1912 Eighth Grade Exam: Can You Pass Kentucky School District’s 100-Year-Old Test?
A 1912 eighth grade exam was recently dug up in a museum in Kentucky, and the Jeopardy-worthy questions are anything but elementary. The exam covers eight subjects, including spelling, math and history, and poses questions that could easily stump American adults today. And what's perhaps most difficult about the 1912 eighth grade exam is that there's no multiple choice, so you'll have to answer from scratch.
Like Us on Facebook
Can you pass Kentucky school district's 1912 eighth grade exam?
The 1912 eighth grade exam was recently donated to the Bullitt County History Museum in Kentucky. While the museum staff notes on its website that the test "should not be used to compare student knowledge then and now," many of the questions could easily appear on a present-day aptitude test -- with a few tweaks to account for 100 years of progress and history, of course.
"It has been great fun, as well as a challenge, to think about the questions, and to come up with answers for 1912 and for today," it reads on the museum's web page.
The museum also points out some of the discrepancies between then and now, like the spelling of "Serbia," which was spelled "Servia" in the early 20th-century.
The 1912 eighth grade exam is titled "Eighth Grade Examination for Bullitt County Schools, November, 1912." It includes eight categories: Spelling, reading, arithmetic, grammar, geography, physiology, civil government and history.
"History" questions on the 1912 eighth grade exam include things like:
"Who invented the cotton gin?"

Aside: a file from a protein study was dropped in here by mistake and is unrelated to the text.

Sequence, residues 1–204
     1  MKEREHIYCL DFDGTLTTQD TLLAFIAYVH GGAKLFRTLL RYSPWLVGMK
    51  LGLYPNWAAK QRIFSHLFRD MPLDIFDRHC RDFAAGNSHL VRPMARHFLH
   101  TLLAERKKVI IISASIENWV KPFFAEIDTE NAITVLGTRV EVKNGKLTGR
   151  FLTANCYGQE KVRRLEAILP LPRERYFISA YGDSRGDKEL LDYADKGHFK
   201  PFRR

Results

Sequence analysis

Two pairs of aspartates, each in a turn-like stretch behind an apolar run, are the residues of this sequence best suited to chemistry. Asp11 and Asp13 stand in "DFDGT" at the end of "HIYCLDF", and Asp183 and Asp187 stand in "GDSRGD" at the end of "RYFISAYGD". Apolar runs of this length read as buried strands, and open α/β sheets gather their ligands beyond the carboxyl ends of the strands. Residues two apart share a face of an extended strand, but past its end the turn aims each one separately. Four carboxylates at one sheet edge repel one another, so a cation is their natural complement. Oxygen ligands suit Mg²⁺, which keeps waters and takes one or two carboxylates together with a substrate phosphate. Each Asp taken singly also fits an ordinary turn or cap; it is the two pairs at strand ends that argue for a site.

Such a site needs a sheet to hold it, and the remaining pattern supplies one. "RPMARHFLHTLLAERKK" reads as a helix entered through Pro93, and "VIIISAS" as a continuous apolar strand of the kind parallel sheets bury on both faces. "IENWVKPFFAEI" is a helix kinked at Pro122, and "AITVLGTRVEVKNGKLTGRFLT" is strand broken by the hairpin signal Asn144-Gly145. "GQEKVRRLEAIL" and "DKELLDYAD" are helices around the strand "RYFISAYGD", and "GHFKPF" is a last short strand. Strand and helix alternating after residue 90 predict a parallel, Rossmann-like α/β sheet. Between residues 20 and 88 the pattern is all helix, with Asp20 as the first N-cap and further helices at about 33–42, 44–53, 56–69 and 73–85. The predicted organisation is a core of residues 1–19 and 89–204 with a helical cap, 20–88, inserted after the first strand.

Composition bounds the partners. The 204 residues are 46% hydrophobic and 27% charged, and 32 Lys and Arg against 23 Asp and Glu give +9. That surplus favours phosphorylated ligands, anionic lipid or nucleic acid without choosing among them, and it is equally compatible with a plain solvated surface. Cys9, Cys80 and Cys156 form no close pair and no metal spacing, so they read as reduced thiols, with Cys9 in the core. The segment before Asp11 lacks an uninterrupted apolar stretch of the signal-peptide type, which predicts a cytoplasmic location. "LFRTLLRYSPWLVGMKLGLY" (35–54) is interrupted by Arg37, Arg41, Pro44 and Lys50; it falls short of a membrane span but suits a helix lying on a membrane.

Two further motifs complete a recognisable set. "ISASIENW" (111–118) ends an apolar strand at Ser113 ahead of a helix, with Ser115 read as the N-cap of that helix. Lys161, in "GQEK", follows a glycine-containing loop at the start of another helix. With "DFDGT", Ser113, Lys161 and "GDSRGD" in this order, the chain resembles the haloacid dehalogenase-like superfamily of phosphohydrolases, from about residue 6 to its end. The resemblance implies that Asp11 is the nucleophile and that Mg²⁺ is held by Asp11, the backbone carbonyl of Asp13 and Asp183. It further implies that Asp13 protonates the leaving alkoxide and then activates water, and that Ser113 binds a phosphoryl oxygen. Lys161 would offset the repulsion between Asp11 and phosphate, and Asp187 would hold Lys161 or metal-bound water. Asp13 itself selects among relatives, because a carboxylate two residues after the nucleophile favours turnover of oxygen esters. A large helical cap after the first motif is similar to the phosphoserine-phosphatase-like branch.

"Describe the battle of Quebec."
"Who first discovered the following places - Florida, Pacific Ocean, Miss. River, St. Lawrence River?"
Under "Physciology," the exam asks:
"How does the liver compare in size with other glands in the human body?"
"What are the functions of the spinal column?"
"Describe the heart."
"A man bought a farm for $2400 and sold it for $2700. What per cent did he gain?"
And under the category "Civil Government," students were asked to answer questions such as:
"Give three duties of the President. What is meant by the veto power?"
"For us, this is just fascinating," David Lee Strange, a volunteer at the Bullitt County History Museum, told ABC News. "It puts us in the mindset of 1912."
To see the entire 1912 eighth grade exam, and to see if you can pass the 100-year-old test, click here.
For answers to the 1912 eighth grade exam, click here. And of course, no cheating! Otherwise you could receive a proverbial switching across the behind.
And let us know how you did in the comments below!
Read more from iScience Times:
© 2012 iScience Times All rights reserved. Do not reproduce without permission.